If the USPTO is the best deal, then go for it. Steady work in your field cannot be sneezed at right now. In the future, any private law firm would grab you up in a heartbeat with some USPTO experience. You could name your price.
USPTO has a tremendous backlog, so you certainly won't be bored. If you happen to run across my other 3 still pending patents, give 'em a nice little push. The applications were submitted in Sept 2005 while I was still w*rking.
I just watched a show the other night about Einstein, and of course his years in the Swiss patent office were mentioned. Law is obviously your first choice, but don't forget the engineering track. You are sitting pretty, having 2 career tracks to choose from.

CONGRATS on passing the patent bar! Wooo hooooooooooooooooo
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Old 03-10-2009, 08:30 PM   #19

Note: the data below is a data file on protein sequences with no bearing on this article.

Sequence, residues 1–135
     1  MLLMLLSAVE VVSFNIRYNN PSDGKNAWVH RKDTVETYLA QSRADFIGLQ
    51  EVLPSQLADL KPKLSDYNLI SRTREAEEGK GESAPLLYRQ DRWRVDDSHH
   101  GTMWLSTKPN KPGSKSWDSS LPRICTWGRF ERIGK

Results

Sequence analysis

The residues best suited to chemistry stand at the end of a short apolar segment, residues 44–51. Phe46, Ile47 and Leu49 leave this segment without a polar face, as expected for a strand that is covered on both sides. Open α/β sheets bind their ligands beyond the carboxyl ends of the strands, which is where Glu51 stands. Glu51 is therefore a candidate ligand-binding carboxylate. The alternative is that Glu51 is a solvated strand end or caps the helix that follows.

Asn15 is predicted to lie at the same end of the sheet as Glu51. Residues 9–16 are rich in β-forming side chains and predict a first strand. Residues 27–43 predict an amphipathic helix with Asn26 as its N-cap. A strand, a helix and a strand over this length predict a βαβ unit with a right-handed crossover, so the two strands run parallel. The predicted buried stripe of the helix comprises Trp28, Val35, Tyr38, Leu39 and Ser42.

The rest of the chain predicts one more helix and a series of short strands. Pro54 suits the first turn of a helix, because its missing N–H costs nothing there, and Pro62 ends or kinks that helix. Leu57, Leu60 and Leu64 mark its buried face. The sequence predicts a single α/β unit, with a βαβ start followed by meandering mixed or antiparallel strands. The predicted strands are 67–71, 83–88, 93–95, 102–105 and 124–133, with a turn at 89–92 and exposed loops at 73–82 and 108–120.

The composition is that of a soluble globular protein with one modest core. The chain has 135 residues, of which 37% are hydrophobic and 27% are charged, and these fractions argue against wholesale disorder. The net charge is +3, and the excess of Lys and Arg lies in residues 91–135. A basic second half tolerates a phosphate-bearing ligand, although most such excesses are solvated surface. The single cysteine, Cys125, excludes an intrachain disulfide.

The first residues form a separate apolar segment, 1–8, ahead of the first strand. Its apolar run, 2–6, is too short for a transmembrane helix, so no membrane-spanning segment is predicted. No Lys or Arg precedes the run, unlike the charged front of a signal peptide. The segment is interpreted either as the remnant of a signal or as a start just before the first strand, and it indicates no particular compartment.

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To the rest, thanks for your kind words. I feel good about the future and am not gravely concerned about finding a job.
It seems to me getting an engineering degree, completing law school, then passing the bar (?) would be a strong indicator you've got "the right stuff".

You're gonna do just fine...
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Old 03-10-2009, 09:29 PM   #20
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Landonew:

Sorry to hear about this. I'm sure it is scant consolation to know that many law firms are scaling back and this is, unfortunately, the new reality for all too many recent graduates.

It seems that you have set your sights on patent law as a consequence of your engineering background. May I suggest that you broaden your horizons a bit ? Not every engineering undergrad needs to go into patent law. In my own case, I was an engineer for 8 years prior to law school. Most people, including me, assumed that I would be going into patent law. But as a consequence of positive summer associate experiences, when I graduated I went into bankruptcy law, something I never would have imagined doing prior to law school. I have been happy with my choice for the last 17 years.

Whatever you do, keep your chin up. You have faced some stiff challenges to get where you are today, and the traits that made that achievement possible will ultimately bring you success.

Best wishes,